“The country is now producing more and exporting more,” Anteneh said, speaking from his office overlooking the streets of Addis Ababa, where cafes are crammed with avid coffee drinkers at any given hour of the day.
While not all coffee, beans and sesame produced are traded on the ECX – they are also sold through farming cooperatives or at auction houses – about 90 percent of these three items move through the commodities exchange.
“The livelihoods of the farmers and the producers have changed for the better,” Anteneh said, before ringing the ECX bell to open trading for the day, adding that farmers were encouraged by greater profits to both produce more and raise the quality of production.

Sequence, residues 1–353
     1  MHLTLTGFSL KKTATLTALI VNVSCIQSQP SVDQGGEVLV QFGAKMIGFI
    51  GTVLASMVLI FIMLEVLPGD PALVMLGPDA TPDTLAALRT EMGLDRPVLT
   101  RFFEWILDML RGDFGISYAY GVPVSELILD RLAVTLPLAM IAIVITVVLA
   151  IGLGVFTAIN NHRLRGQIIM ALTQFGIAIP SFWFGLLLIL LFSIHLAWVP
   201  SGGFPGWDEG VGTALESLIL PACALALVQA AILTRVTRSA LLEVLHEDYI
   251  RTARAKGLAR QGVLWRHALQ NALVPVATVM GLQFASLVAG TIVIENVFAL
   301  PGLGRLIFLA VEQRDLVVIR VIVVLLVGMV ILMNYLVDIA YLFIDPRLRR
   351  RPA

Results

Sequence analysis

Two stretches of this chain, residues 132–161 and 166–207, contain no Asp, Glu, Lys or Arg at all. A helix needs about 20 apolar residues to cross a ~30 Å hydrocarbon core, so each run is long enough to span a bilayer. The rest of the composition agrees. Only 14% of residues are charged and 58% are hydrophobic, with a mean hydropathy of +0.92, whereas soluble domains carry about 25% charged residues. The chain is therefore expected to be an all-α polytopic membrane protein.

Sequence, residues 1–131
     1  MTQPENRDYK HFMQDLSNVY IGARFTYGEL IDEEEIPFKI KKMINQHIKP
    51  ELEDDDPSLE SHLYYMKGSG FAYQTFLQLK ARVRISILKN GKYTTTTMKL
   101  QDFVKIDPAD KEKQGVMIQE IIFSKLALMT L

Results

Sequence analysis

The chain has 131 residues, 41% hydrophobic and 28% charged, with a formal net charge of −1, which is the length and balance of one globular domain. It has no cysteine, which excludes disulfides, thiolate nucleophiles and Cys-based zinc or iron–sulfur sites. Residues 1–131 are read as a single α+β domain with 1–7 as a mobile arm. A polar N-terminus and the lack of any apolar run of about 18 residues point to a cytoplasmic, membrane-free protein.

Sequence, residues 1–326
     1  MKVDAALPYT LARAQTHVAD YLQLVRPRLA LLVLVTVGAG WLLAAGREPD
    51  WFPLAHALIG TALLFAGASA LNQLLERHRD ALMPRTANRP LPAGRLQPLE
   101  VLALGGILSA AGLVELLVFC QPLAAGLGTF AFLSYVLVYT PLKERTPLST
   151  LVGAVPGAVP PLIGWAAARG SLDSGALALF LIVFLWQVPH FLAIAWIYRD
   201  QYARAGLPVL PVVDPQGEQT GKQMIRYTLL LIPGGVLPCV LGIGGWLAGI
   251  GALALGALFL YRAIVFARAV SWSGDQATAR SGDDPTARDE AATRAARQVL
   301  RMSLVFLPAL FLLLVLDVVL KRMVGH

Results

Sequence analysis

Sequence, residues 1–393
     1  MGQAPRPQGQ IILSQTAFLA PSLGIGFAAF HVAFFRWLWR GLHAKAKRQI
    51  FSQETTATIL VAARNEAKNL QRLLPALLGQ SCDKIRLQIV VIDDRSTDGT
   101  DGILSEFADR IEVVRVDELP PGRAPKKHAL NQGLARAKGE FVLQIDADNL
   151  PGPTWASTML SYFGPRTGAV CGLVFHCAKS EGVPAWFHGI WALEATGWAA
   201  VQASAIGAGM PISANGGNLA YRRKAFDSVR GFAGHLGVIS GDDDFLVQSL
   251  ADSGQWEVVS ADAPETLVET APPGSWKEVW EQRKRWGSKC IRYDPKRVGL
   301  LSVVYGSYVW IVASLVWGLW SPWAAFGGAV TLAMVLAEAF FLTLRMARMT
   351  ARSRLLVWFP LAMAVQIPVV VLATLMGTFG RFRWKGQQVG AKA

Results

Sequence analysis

Previously, around a third of the price of goods sold went to the farmer, but those who sell through ECX take as much of 80 percent of the sale price home.
The impact extends to the buyers as well.
Like the producers, they are better informed about activity on world markets through the ECX, and since the exchange has introduced rigid quality controls, it is working to ensure the product can be trusted.